He drank regularly from then on until at age 16, he left school to become pro football player. Alcohol wasn’t an everyday habit, but on the weekends, it was always there. Alcohol and team sports go very much hand in hand and the emotional crutch was still being used.

Andy’s Story

By the time Andy reached his early twenties, he suffered a knee injury that forced him into early retirement. At that point, he was let lose. He had no restrictions for training. He could drink on the weekdays and he slipped right into party scene, and admits he had a great time.

I don’t look back on those years and regret them.

In his late twenties, he found brokering and was given a magic corporate card. Drinking was the way to meet clients and be successful. And Andy did become a success, but he still felt like he was performing at a 6 on a scale of 1 to 10. He started to feel terrible. Hangovers lasted for days. Although on the outside he was extremely successful, he had plateaued, and sensed he wasn’t where he should be in his mind. He was overweight and unhealthy.

He wanted to understand what was going on in his brain and started to experiment with mindfulness, but he couldn’t get it to stick because he was anxious from drinking the night before. He couldn’t exercise well because he was hungover lethargic from long, boozy lunches. Finally, he reevaluated his drinking habits.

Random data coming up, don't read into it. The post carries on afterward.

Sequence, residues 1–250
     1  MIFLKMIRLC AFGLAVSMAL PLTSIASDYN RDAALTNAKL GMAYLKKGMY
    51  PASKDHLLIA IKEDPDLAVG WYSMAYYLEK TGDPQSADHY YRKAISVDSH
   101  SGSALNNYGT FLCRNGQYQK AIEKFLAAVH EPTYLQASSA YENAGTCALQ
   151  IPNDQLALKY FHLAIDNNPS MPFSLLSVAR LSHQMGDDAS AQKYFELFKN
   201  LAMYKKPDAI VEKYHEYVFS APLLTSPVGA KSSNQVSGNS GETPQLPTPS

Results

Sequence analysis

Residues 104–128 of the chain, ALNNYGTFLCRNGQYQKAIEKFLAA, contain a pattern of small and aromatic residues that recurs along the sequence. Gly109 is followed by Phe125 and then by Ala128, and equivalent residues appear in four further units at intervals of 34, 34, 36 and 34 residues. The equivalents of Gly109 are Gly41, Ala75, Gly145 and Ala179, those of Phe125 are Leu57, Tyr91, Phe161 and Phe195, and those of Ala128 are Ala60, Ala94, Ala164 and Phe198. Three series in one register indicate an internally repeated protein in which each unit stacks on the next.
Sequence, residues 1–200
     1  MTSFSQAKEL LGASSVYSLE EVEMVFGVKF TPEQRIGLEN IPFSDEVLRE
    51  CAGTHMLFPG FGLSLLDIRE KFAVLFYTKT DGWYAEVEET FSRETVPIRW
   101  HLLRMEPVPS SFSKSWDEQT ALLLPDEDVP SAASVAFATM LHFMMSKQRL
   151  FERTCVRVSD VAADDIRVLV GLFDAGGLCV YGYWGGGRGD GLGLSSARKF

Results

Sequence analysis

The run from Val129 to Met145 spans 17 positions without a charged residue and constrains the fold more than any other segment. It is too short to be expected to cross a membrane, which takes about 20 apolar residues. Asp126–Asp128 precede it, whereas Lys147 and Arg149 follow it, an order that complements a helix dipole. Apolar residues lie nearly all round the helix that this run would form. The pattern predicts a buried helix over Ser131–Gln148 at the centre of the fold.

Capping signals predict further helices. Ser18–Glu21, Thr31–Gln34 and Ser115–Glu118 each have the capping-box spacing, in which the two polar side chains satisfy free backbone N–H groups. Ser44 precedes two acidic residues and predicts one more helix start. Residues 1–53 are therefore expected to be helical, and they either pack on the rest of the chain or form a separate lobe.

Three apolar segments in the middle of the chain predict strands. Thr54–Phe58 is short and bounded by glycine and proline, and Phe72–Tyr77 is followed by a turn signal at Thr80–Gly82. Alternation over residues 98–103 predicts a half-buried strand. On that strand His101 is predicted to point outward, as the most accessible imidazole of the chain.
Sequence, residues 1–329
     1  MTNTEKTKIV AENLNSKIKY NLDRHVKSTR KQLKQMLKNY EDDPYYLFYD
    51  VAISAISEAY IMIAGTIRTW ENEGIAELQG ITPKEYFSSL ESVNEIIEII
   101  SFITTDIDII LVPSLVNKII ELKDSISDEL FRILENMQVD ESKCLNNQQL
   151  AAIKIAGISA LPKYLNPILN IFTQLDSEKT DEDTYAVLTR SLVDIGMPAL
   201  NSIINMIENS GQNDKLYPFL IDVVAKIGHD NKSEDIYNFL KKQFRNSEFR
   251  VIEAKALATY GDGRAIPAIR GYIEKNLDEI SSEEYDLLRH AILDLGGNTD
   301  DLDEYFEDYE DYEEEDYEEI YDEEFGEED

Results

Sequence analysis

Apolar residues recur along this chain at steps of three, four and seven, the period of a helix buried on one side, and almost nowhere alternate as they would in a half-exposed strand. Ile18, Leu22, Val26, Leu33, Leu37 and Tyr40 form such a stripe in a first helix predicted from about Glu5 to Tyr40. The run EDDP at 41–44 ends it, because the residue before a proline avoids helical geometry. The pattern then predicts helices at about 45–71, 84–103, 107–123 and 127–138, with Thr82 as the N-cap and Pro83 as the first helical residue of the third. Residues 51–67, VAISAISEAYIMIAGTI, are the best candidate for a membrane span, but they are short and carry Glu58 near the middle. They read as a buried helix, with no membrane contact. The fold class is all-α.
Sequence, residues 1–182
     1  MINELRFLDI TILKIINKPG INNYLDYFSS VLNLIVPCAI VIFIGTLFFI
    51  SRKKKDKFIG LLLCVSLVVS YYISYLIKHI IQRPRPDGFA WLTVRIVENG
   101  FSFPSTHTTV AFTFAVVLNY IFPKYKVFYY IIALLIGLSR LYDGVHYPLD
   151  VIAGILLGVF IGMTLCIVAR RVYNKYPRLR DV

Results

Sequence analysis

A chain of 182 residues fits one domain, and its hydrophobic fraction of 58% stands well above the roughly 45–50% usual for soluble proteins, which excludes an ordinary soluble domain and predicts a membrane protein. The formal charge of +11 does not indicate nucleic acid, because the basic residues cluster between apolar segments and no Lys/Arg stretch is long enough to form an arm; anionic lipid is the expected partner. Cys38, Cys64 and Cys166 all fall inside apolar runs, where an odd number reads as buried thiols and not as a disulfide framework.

It dawned on me, and scared the hell out of me at the same time, that it might be the alcohol.

 He started to question everything. Part of him credited alcohol with the lifestyle he created and his business success, but Andy says these were myths that are built up in our minds. He to take a break and see what happens.

In my mind, the alcohol couldn’t jump out of the glass and into my mouth, but all of us have wrestled with this. It’s so bloody difficult.

When told people he was going to stop drinking for a month, they laughed. After he made a week without drinking, they thought it was hilarious and expected him to slip any minute. A few weeks into it, he really wanted to give up and wondered if he had more of a problem than he thought he had. He didn’t realize how much social pressure exists around drinking. With clients who were coming out to be entertained, it was not acceptable in his workplace.